Archive for the tag 'IRS'

1% of Taxpayers Pay Nearly 40% of All Income Taxes

Kurt Brouwer October 8th, 2007

Income tax rates are always a source of lots of disputes between the political parties, but also among economists, business people and almost everyone else. Unfortunately, a great deal of the dialogue is based on incomplete or even inaccurate information. This report sheds some light on the topic with a pretty interesting factual presentation of income groups and tax contribution. The report, written by Gerald Prante, was just released by the Tax Foundation, a nonprofit organization that has been tracking tax information since 1937 [emphasis added]:

‘The latest release of Internal Revenue Service data on individual income taxes comes from calendar year 2005, a year in which the economy remained healthy and continued to grow, as well as a year with higher-than-average price inflation. This year’s numbers show that both the income share earned by the top 1 percent and the tax share paid by the top 1 percent have reached all-time highs. In 2005, the top 1 percent of tax returns paid 39.4 percent of all federal individual income taxes and earned 21.2 percent of adjusted gross income, both of which are significantly higher than 2004 when the top 1 percent earned 19 percent of AGI and paid 36.9 percent of federal individual income taxes…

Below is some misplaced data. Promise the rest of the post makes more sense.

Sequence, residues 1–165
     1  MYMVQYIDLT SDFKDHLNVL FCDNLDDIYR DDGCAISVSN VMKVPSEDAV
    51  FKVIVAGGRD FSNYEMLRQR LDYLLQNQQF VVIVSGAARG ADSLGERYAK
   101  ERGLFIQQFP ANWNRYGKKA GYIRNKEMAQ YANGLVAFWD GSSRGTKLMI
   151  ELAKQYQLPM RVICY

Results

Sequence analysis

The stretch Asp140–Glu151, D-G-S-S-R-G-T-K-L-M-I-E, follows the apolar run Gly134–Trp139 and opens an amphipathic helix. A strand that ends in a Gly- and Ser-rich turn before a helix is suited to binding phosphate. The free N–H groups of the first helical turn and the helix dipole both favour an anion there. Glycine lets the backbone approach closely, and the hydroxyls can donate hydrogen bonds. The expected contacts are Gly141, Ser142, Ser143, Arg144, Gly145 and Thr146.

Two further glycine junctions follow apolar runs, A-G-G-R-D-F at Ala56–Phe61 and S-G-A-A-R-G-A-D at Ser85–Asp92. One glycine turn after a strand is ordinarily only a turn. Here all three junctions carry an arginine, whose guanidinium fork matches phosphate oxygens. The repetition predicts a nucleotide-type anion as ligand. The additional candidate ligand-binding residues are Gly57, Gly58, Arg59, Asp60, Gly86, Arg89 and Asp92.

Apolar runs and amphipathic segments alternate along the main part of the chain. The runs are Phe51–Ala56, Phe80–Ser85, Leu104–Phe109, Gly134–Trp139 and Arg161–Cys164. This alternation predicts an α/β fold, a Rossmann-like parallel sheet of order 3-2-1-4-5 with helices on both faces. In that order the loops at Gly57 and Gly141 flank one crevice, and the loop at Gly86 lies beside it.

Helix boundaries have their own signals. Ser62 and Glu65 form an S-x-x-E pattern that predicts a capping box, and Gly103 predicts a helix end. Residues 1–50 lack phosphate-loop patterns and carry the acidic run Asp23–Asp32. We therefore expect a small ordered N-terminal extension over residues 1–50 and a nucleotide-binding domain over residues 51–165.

…Just as the highest earners lost the biggest percentage of their incomes during the recession of 2001, so they have prospered the most as the economy has continued to rebound. For example, from 2000 to 2002, the adjusted gross income (AGI) of the top 1 percent of tax returns fell by over 26 percent. In that same period, the AGI of the bottom 50 percent of tax returns actually increased by 4.3 percent. However, since 2002, as the recession has ended, AGI has risen by 61 percent for the top 1 percent and 10.7 percent for the bottom 50 percent.

From the report we learn that the highest earners have incomes that are substantially more volatile than lower income earners. In fact, during the stock market downturn of 2000-2002, the top earners saw a drop of 26%, while those in the bottom 50% actually saw their incomes go up by over 4%. And, despite all the rhetoric about income inequality growing steadily, it appears from the data that over the period from 2000-2005, the gains were very close.

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